On August 26, 2020, the SEC expanded the definition of Accredited Investor and Qualified Institutional Buyer to fall more closely in line with their intended goals: to identify investors who have sufficient knowledge and expertise to participate in investment opportunities that do not meet the rigorous disclosure and procedure requirements, and related investor protections, provided by registration under the Securities Act of 1933.
New Scope of Accredited Investor Guidelines
The original purpose of the definitions of Accredited Investor in Regulation D and Qualified Institutional Buyer in Rule 144A was to “encompass those persons whose financial sophistication and ability to sustain the risk of loss of investment or fend for themselves render the protections of the Securities Act’s registration process unnecessary.”
Prior definitions used wealth as the only means of determining “financial sophistication,” a delineation the commission has since determined was inadequate. Under the guideline expansion, the following categories are now included in the definition of Accredited Investor:
Natural persons with certain designated professional certifications
In a separate order, the SEC has designated holders in good standing of the Series 7, Series 65, and Series 82 licenses. The SEC may consider adding additional certifications or designations but will only do so after a notice and comment period.
Natural persons who are “knowledgeable employees” of a private fund
The definition of private fund is outlined in the Investment Company Act, with respect to investments in the private fund.
The natural persons referenced in this guideline includes trustees and advisory board members of the fund or affiliated advisers of the fund. It also includes non-clerical employees of the fund or an affiliated adviser of the fund that, in connection with their regular functions or duties, have participated in the investment activities of the private fund for at least 12 months.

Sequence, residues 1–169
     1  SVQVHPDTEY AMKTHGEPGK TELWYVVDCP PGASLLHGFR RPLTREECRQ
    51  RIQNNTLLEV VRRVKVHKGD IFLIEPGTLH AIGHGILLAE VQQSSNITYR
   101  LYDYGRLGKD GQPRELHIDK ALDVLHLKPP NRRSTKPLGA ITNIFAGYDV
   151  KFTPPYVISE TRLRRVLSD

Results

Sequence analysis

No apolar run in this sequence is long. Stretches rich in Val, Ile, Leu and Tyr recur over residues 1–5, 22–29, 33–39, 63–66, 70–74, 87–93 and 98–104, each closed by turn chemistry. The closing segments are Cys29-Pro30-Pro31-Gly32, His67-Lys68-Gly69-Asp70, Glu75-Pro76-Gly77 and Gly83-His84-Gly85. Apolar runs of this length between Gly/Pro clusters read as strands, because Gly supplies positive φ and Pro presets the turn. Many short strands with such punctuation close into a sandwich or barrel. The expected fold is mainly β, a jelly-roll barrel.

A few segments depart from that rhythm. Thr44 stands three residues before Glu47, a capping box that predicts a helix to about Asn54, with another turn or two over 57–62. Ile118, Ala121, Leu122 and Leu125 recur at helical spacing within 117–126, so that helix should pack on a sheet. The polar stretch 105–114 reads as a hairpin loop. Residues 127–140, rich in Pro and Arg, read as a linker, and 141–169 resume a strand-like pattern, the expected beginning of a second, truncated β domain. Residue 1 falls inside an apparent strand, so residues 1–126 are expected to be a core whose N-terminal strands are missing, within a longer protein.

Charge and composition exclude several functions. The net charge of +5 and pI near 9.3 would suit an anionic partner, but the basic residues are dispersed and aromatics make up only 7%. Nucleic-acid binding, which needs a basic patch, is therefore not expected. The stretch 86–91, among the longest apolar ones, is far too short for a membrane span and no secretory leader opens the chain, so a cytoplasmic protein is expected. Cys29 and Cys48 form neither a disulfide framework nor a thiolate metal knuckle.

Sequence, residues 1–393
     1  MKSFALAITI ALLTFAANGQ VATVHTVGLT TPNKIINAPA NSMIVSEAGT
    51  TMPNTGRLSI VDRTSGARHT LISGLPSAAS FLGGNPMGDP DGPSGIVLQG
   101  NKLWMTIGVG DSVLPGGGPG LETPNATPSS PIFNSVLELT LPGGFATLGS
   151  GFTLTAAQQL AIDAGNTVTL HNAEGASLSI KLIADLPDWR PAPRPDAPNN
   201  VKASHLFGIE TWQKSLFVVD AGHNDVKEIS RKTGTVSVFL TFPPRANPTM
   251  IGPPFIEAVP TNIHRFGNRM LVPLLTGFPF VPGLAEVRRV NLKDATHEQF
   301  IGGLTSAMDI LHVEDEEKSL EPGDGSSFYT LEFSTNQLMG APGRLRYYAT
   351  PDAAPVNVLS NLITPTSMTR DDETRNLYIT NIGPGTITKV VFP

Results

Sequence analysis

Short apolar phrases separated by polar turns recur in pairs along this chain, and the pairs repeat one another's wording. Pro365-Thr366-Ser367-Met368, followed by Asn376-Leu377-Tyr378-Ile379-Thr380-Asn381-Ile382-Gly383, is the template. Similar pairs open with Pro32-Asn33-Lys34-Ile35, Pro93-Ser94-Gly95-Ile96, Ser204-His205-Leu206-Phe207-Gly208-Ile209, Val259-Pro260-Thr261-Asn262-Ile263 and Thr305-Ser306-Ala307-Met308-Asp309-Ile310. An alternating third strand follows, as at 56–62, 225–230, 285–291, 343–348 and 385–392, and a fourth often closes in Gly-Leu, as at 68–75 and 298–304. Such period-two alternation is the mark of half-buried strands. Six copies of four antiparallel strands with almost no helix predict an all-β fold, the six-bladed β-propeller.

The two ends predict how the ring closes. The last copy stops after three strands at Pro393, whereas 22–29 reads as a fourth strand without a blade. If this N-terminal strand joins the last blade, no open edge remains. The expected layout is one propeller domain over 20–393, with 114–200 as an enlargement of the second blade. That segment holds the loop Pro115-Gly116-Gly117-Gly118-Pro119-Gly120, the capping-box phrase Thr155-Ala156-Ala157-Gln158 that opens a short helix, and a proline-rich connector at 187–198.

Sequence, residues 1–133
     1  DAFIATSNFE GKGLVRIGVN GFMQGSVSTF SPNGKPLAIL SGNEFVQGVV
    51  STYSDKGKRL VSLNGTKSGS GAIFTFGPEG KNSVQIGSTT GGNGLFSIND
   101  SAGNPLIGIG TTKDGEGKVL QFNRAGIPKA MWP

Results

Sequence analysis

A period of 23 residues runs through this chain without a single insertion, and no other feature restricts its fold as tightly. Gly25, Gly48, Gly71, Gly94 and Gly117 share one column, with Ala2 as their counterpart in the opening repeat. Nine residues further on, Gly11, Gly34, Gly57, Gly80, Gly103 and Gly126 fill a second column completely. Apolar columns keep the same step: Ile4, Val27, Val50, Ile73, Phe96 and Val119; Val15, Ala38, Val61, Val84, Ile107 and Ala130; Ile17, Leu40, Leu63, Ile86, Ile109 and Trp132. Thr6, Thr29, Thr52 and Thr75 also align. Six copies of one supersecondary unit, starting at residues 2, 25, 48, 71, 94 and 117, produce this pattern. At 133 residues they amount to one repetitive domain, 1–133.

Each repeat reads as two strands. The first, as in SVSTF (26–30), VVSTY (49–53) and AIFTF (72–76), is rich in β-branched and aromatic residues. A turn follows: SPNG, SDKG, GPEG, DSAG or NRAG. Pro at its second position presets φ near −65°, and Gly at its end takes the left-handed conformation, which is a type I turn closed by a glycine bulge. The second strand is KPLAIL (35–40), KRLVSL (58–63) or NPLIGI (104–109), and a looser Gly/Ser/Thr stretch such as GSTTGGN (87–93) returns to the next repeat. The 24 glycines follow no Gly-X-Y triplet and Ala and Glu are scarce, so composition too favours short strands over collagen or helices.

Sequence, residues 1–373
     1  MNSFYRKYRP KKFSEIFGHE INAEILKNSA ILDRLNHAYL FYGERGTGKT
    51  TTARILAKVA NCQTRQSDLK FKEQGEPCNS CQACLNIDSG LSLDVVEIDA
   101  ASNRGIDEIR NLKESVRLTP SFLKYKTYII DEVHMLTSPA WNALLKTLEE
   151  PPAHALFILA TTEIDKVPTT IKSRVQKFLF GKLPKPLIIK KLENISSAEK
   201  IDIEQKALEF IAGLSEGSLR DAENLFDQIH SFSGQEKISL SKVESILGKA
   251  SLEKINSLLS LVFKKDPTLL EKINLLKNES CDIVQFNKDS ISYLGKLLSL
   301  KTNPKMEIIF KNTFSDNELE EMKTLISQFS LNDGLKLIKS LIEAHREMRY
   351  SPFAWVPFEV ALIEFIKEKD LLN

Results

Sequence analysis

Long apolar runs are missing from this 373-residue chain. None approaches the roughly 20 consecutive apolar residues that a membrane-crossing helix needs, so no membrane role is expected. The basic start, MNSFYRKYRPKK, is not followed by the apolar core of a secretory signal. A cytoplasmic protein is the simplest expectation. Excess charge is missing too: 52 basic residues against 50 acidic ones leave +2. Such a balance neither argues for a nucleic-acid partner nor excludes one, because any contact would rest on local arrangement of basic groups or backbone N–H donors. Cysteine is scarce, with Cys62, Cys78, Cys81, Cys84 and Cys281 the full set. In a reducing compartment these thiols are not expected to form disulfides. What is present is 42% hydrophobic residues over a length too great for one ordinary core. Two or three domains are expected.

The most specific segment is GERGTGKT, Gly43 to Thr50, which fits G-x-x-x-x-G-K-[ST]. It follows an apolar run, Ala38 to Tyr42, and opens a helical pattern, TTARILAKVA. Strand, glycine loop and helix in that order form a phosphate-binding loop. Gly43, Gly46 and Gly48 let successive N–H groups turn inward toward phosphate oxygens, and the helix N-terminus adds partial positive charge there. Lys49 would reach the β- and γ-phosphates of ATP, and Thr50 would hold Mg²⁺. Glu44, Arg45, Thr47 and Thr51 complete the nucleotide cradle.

Examples of such persons include:
- 501(c)(3) organizations and limited liability companies that are similar to a Massachusetts business trust, each with over $5 million in assets
- SEC- and state-registered investment advisers, exempt reporting advisers, and rural business investment companies (RBICs) investing on their own behalf
- Any entity, including Indian tribes, governmental bodies, funds, and entities organized under the laws of foreign countries, that owns “investments,” as defined in Rule 2a51-1(b) under the Investment Company Act, in excess of $5 million and that was not formed for the specific purpose of investing in the securities offered
- “Family offices” with at least $5 million in assets under management and their “family clients”
New Scope of Qualified Institutional Buyer Guidelines
Under the existing Rule 144A, qualified institutional buyers must manage at least $100 million in securities from issuers not affiliated with the institution.
The definition of Qualified Institutional Buyer has been amended to include:
- Limited liability companies and RBICs, if they meet the current threshold of owning or investing at least $100 million
- Any institutional investors included in the new “catch-all” category of institutional accredited investor that are not otherwise enumerated in the current QIB definition, provided they satisfy the $100 million threshold.
To review the full text of the SEC’s final rule, access it on the SEC’s website.
As guidelines continue to shift and change, firms may need additional support sifting through new regulations, ensuring they’re in compliance, and finding the best opportunities to support their clients.
If you need assistance in managing and complying with continually updating regulations, Red Oak’s compliance consulting team can help. We provide firms with the resources they need to stay up to date, compliant, and informed, as well as offering training resources to keep the firm’s entire team up-to-date.
Contact us today to learn more about how Red Oak compliance consulting can support your firm.
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